Rushton is the only character that ‘gets it’ he knows they were for wars, and to make sure that whoever had the best technology would win. But Elspeth (it is almost like a child, who is ‘innocent’ to the world, as in they don’t understand how things work and haven’t been conditioned into accepting things, questioning why we do this and why do people do that. To an adult these questions are usually brushed aside, as a child speaking out of place, as they don’t understand the world, but really, it could be that we don’t understand the best way to live) asks why would having weapons that would destroy everything, including the user, be good? Fantastic question, why would a weapon that would destroy everything (including whoever used it) be a good idea? I can’t think of an answer to that.

This is all of course related to Elspeth’s ultimate quest to destroy these weaponmachines, that were the downfall of the Beforetimers, before anyone else could use them (the Destroyer). But for Elspeth this is not the time to dwell on these things for too long, as the Beast guild begin to arrive, ready for a meeting. Well the Beast guild and maybe the Beastspeaking guild, not sure yet. We are introduced to a new character, in the form of a female dog, who lead a pack of dogs to Obernewtyn in the middle of winter. At first they were dismayed to find humans in the ‘freerunning barud’ but were in need of food and a place to sleep. It was an amazing feat for the group to get to Obernewtyn, as they were all domestic animals, who were led by ‘Smoke’ (the female dog) who killed her master. Smoke was the only reason they survived, when they would have starved, been killed off by wild beasts or captured by humans.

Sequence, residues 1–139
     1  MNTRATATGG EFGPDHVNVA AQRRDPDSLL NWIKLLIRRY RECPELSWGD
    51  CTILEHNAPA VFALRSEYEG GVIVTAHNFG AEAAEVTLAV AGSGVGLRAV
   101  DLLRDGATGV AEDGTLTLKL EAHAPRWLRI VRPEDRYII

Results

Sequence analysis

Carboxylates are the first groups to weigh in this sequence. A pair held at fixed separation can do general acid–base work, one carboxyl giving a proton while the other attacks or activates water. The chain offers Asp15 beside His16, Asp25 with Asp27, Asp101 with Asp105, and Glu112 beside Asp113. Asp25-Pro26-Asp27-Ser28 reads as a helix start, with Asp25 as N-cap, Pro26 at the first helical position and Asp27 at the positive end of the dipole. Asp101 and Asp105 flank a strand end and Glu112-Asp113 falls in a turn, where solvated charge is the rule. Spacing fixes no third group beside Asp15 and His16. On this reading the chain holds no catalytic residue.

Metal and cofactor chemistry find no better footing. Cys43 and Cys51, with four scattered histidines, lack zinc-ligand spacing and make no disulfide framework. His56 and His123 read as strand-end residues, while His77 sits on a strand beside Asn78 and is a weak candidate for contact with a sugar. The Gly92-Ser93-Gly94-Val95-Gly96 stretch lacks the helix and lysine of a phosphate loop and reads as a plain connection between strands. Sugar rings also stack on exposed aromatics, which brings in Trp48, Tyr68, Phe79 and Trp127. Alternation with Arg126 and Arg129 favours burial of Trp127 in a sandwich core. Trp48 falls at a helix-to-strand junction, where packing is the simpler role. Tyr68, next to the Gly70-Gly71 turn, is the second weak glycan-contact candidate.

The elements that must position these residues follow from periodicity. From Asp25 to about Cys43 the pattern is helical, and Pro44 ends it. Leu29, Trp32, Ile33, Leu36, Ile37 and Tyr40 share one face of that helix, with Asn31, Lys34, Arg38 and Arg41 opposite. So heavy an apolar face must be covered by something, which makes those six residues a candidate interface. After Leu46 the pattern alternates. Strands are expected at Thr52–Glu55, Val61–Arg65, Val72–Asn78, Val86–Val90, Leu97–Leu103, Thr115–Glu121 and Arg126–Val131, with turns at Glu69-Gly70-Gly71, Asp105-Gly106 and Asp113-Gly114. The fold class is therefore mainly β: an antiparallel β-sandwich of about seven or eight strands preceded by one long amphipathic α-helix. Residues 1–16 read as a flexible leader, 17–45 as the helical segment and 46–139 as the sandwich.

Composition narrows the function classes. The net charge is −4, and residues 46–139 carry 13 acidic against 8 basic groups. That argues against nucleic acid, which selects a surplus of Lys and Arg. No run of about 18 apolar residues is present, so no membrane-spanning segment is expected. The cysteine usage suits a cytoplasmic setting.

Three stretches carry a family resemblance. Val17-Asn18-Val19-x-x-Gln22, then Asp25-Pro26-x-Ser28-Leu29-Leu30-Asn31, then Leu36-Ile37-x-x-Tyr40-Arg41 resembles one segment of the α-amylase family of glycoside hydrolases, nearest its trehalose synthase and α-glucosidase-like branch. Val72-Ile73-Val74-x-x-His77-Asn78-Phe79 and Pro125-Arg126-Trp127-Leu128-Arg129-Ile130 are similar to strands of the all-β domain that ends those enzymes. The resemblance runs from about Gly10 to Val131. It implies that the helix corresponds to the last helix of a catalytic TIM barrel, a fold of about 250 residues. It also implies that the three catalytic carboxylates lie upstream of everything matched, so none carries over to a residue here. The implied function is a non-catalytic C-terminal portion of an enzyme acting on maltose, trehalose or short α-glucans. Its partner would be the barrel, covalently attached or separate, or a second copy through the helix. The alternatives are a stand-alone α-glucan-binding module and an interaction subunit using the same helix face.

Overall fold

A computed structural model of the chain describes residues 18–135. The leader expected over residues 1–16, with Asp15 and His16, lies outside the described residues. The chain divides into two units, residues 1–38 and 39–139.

Once the pack was healed, many of them wanted to stay, and those who didn’t were taught how to survive in the wild. Even Smoke, who could have survived alone, chose to stay. What Elspeth couldn’t understand was why she rescued the others, when she could have gone on her own and saved herself some trouble. Elspeth mind while this is happening, reached out to Smoke, and she provided some answers in the form of a memory. The memory was of a man cutting the neck of a cow, in front of the cow’s calf and Smoke. The man then turned to cut the neck of the calf, and Smoke built up so much rage that she attacked, this intense rage, which is transmitted to Elspeth, sets of her own animalistic killing power, and it begins to ‘activate’. Elspeth quickly put a clamp on the power, and pushed away the dog. Smoke explains that the man killed the cow for having only one ear, and to any normal person or beast, we know that everything is born differently, but for this man, he saw the one ear as a sign of mutation, and was probably driven by the fear of Lud, who apparently hates mutations. Even if he was Lud-fearing, he would have seen the sign of mutation, as a loss of profit, as others wouldn’t want to buy anything that is not ‘normal’.